If you’re a writer on social media you have to be aware of this and be ready for it. Don’t get too distracted by the little victories that they distract you from the big picture. As a comedy writer, every time I make a joke on Facebook that people like and share and reward me with little smiley face, icons for, I force myself to recognize that I have just taken a little taste of the high that makes me want to write comedy in the first place. Harmless in small doses, sure, but I don’t want to get dependent on it. I only have a finite amount of energy, and I need to spend it getting the sweet, sweet heroin, not the hollow imposter methadone.

…Kind of went off track there. Is anybody else really looking forward to the weekend?

The Shiny Thing Trap

Writers spend a lot of time in awkward silence with their muse, like a blind date between Ron Jeremy and a nun. On the occasions where we are finally blessed with a great idea, we tend to be too thankful to question it. And that’s fine, sometimes all you need is one great idea. Other times, though, you’ll suddenly have another, completely different great idea, and that’s fine too, right?

It can be. Maybe you can sensibly and calmly put the idea to the side while you finish your WIP. Or maybe if you’re taking a little break you can outline it or write down a few ideas. What you don’t want to do is fall into the shiny thing trap, where you spend all your time tending to lots of little great ideas while you leave a novel half finished.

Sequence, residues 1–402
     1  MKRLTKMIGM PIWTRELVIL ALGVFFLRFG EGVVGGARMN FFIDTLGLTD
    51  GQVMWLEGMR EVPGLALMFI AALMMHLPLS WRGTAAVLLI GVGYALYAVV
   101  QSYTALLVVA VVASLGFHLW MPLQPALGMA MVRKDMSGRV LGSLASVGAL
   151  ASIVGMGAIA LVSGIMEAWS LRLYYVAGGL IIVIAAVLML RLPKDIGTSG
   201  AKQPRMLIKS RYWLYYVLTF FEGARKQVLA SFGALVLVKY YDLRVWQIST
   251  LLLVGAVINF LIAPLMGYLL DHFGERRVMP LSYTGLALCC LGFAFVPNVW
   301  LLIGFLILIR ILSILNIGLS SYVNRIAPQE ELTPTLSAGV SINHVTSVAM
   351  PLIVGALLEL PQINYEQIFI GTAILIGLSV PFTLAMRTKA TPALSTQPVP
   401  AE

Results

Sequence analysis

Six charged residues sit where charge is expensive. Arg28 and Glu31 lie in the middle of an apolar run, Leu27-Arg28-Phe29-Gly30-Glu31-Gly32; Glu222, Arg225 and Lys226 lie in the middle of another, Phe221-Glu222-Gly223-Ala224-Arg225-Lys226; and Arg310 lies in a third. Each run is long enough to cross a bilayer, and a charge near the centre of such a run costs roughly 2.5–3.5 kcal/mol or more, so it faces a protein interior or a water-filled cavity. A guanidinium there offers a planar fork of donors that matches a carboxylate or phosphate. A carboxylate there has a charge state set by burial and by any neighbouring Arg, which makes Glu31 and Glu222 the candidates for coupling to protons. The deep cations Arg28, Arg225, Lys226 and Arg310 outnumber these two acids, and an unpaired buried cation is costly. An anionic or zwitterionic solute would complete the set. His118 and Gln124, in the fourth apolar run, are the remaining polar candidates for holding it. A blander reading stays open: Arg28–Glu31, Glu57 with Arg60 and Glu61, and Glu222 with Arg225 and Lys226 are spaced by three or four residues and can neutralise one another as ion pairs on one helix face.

Again, if you’ve got the kind of manic energy or substance abuse problem that allows you to work on all your great ideas all the time, then great. But most of us have finite time and resource to chip away at our masterpieces, and restraint and discipline is a must if you want to deliver results.

Keep your little ideas on a hotplate, by all means, but don’t you dare neglect the delicious meatloaf you have in the oven right now.

…Man, I’m hungry. Is anyone else hungry? I’m hungry.

The Wandering Mind

A lot of creative types have wandering minds by necessity. After all, if we weren’t drawing concept art for Unicorn Force Five during math, we might be a successful accountant by now. But then who would draw those cybernetic unicorn warriors?

Unfortunately, a wandering mind can also wander away from where you originally wanted it to wander to, which is a problem when the internet and Netflix are only a mouse click away. You suddenly find your fantasy world competing for attention with everyone else’s fantasy world.

There’s no question we live in the most casually distracting times there ever were, and I’m afraid to say there’s no easy solution, only self-discipline. Set yourself some rules- the wi-fi router is turned off until you reach x amount of words. The door stays closed until you finish the paragraph. The spouse remains ignored until you just finish this chapter (or your spouse leaves you for someone on a more accessible plane of existence, whichever comes first.)

It’s tough, because most of us write on our down time, rather than as a full time job. But by properly annexing your writing time from your leisure time, you’ll not only find yourself a more effective writer, but you’ll also be free to properly appreciate your leisure time.

Which is why I’m writing this at work. Shhhh.








Steve Wetherell